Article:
Mapping functional connectivity in patients with brain lesions
Article first published online: 25 SEP 2007
Copyright © 2007 American Neurological Association
Annals of Neurology
Volume 63, Issue 2, pages 193–203, February 2008
How to Cite
Guggisberg, A. G., Honma, S. M., Findlay, A. M., Dalal, S. S., Kirsch, H. E., Berger, M. S. and Nagarajan, S. S. (2008), Mapping functional connectivity in patients with brain lesions. Ann Neurol., 63: 193–203. doi: 10.1002/ana.21224
- Issue published online: 27 FEB 2008
- Article first published online: 25 SEP 2007
- Manuscript Accepted: 3 AUG 2007
- Manuscript Revised: 24 JUL 2007
- Manuscript Received: 13 JUN 2007
- NIH. Grant Numbers: R01DC004855, R01DC006435
The spatial distribution of functional connectivity between brain areas and the disturbance introduced by focal brain lesions are poorly understood. Based on the rationale that damaged brain tissue is disconnected from the physiological interactions among healthy areas, this study aimed to map the functionality of brain areas according to their connectivity with other areas.
Magnetoencephalography recordings of spontaneous cortical activity during resting state were obtained from 15 consecutive patients with focal brain lesions and from 14 healthy control subjects. Neural activity in the brain was estimated using an adaptive spatial filtering technique. The mean imaginary coherence between brain voxels was then calculated as an index of functional connectivity.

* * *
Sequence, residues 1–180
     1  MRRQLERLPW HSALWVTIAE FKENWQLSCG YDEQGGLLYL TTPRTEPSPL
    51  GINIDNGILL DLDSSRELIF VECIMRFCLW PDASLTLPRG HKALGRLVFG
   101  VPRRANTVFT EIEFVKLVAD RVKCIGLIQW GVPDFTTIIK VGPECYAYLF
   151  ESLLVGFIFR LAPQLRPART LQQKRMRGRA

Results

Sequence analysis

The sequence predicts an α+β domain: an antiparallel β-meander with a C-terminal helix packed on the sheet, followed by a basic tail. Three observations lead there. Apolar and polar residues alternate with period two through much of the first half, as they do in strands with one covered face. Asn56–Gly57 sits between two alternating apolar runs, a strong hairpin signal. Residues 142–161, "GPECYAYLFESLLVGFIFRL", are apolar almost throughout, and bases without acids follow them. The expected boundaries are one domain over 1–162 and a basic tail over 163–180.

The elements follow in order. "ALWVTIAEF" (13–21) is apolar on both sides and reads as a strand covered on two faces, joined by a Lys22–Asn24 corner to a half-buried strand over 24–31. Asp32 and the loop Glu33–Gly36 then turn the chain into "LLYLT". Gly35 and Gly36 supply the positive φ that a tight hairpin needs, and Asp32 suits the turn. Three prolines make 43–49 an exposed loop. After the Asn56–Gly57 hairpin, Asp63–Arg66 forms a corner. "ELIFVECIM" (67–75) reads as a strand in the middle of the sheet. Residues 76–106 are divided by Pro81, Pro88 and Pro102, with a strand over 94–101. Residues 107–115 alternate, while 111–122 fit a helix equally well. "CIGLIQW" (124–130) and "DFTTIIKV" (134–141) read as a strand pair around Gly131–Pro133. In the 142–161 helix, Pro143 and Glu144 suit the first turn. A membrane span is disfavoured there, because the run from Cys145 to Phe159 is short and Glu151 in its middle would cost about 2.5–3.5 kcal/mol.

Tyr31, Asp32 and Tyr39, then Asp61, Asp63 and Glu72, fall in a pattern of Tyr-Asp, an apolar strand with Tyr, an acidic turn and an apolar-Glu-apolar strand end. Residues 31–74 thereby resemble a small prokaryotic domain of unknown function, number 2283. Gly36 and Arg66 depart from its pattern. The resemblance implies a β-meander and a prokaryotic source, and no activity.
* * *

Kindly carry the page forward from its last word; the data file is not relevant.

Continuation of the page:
Imaginary coherence was greatest in the alpha frequency range corresponding to the human cortical idling rhythm. In healthy subjects, functionally critical brain areas such as the somatosensory and language cortices had the highest alpha coherence. When compared with healthy control subjects, all lesion patients had diffuse or scattered brain areas with decreased alpha coherence. Patients with lesion-induced neurological deficits displayed decreased connectivity estimates in the corresponding brain area compared with intact contralateral regions. In tumor patients without preoperative neurological deficits, brain areas showing decreased coherence could be surgically resected without the occurrence of postoperative deficits.
Resting state coherence measured with magnetoencephalography is capable of mapping the functional connectivity of the brain, and can therefore offer valuable information for use in planning resective surgeries in patients with brain lesions, as well as investigations into structural-functional relationships in healthy subjects. Ann Neurol 2007